I'd be all set. Do you have any advice on how to do this?

CC
 
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C

cartercc

I started my professional career as an EE. I'd taken just enough
programming courses to be dangerous.

I started my professional career as an attorney, and practiced law for
17 years before transitioning into IT. As an attorney, if you don't
plan your work, you will get eaten alive. I've been on both sides of
that equation, both eating and being eaten.
After doing that enough times (I'm a slow learner), I eventually
realized that I was not doing it right...

I, too, am a slow learner. I'm a bright guy, but it takes a long time
before something sinks in.
... I went back to school for a Software Engineering degree.
Likewise.


:)


Giving careful thought to algorithms, data structures, modularity, etc
*before* starting coding may seem "wasteful" in your rush to
"get the job done", but if you can muster the discipline to do so,
your software developments will take *less* time overall.

FWIW, this is my take.

(1) Make sure you have clear and measurable requirements. This is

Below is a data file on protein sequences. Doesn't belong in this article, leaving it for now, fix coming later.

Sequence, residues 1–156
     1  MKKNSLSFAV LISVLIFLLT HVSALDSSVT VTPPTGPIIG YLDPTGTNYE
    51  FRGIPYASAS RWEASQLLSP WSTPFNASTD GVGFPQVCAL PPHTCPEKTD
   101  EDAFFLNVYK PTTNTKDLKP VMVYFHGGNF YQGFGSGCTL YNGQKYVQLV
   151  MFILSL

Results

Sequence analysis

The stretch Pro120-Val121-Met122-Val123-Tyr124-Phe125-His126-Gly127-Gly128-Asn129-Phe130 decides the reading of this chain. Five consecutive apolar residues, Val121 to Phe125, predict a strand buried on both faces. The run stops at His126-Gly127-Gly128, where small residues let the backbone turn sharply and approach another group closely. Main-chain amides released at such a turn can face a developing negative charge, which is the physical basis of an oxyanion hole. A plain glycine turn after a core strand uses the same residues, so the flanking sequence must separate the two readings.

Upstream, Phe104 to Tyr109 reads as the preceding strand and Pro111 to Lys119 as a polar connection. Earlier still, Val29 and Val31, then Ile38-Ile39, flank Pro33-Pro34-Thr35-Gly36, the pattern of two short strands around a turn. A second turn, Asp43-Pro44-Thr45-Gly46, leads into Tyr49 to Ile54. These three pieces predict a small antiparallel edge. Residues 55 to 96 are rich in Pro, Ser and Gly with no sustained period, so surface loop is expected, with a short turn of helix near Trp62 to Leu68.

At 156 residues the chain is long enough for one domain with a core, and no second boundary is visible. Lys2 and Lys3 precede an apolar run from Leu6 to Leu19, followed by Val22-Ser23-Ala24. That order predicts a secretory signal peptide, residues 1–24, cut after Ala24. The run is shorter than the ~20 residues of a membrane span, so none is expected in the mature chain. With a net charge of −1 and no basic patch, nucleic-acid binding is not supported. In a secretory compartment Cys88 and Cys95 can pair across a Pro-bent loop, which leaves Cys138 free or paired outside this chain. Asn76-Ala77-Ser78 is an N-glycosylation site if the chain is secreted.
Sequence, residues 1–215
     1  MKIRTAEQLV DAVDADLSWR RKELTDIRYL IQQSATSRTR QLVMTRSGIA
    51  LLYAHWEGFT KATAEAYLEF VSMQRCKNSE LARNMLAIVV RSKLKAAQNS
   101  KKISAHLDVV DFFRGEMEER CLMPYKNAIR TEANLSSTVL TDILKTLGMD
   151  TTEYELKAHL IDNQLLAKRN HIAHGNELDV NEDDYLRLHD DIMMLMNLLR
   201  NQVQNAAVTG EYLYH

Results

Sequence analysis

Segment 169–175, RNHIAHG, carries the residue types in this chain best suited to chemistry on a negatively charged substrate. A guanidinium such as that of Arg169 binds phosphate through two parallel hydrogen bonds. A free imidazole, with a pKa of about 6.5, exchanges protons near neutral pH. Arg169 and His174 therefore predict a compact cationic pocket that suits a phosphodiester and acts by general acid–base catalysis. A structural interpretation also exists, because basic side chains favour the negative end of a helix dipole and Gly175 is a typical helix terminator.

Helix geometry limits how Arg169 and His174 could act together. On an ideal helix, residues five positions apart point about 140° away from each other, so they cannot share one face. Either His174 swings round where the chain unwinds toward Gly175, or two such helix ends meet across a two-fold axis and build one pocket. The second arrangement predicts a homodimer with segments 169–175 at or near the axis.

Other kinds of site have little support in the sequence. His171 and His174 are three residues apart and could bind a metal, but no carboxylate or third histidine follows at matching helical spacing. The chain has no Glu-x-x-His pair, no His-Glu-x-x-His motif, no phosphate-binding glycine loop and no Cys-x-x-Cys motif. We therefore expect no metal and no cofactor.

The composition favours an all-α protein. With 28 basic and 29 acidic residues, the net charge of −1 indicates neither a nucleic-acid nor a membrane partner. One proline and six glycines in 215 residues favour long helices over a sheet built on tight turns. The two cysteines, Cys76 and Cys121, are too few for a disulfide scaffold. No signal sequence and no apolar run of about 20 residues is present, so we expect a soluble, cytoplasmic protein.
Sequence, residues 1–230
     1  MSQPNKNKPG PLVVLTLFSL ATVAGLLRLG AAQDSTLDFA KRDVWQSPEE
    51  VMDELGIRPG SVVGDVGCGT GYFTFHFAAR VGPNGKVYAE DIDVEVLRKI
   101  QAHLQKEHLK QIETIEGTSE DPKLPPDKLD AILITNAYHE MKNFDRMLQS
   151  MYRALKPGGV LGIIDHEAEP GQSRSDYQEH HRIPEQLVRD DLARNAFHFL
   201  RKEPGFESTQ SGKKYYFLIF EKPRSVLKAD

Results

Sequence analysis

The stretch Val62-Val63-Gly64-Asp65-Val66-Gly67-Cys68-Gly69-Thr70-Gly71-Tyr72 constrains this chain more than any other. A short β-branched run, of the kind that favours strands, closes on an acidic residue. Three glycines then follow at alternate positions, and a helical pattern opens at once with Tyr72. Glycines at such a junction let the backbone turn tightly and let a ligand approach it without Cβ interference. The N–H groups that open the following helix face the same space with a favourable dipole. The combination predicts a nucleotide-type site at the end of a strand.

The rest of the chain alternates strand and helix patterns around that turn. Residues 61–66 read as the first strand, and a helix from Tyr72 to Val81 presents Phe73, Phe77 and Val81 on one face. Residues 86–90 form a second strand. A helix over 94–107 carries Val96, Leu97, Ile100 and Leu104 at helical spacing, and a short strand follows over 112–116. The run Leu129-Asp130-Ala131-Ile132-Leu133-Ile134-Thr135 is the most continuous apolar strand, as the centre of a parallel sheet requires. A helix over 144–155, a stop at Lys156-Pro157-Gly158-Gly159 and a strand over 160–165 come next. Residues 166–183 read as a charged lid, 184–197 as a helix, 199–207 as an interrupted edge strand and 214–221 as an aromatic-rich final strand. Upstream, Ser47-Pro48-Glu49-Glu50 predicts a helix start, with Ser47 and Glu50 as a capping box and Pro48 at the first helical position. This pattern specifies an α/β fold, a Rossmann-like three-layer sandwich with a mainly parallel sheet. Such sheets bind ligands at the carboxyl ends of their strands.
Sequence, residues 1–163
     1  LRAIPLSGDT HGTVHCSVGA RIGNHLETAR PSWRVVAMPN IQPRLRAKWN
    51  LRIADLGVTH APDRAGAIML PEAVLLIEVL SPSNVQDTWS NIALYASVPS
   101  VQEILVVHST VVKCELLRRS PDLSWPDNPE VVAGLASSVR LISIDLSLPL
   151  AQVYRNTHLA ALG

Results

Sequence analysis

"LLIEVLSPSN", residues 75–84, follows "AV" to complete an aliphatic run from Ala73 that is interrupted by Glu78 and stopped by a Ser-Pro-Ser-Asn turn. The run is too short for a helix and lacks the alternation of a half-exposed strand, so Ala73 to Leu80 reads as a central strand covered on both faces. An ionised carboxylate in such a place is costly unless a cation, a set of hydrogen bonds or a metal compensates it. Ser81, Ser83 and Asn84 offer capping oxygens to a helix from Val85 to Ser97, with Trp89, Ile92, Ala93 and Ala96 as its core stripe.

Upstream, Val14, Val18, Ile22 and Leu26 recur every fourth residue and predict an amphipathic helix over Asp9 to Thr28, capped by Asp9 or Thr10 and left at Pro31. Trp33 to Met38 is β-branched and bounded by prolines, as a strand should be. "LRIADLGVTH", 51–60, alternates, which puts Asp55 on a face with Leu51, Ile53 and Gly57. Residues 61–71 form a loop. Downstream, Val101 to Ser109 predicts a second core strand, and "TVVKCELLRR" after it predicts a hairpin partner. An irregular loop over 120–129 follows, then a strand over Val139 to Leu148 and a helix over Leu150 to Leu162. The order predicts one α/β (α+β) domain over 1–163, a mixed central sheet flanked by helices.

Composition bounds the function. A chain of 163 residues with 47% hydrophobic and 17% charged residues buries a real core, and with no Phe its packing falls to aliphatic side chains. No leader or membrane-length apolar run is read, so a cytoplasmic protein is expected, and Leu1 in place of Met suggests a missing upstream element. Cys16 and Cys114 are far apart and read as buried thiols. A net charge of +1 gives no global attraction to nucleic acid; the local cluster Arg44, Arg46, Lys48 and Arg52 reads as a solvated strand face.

difficult when the user doesn't know what he wants, but in my
experience, the biggest problems by far are caused by ambiguous or
unclear requirements.

(2) Plan and if possible write your tests BEFORE you start coding. I
learned this playing with Java, and when I can make my own schedule, I
write the tests before I write the code -- nothing fancy, just some
function calls with varied data and an output of the results. When my
tests produce the expected output, I can at least enjoy the illusion
of success if not the reality.

(3) Read the code. Read it line by line, carefully and thoroughly. I
frequently print out a hard copy of something I'm working on and take
it home to read through. I also like to read through it with another
person, one driving and the other navigating. It's surprising how many
mistakes you find simply by reading the code.

In the real world, you have to deal with unclear (or unknown!)
requirements, lack of time for proper testing, and no time to walk
through the code, but in my experience I have found that following
these three practices helps me create a little order out of chaos.

CC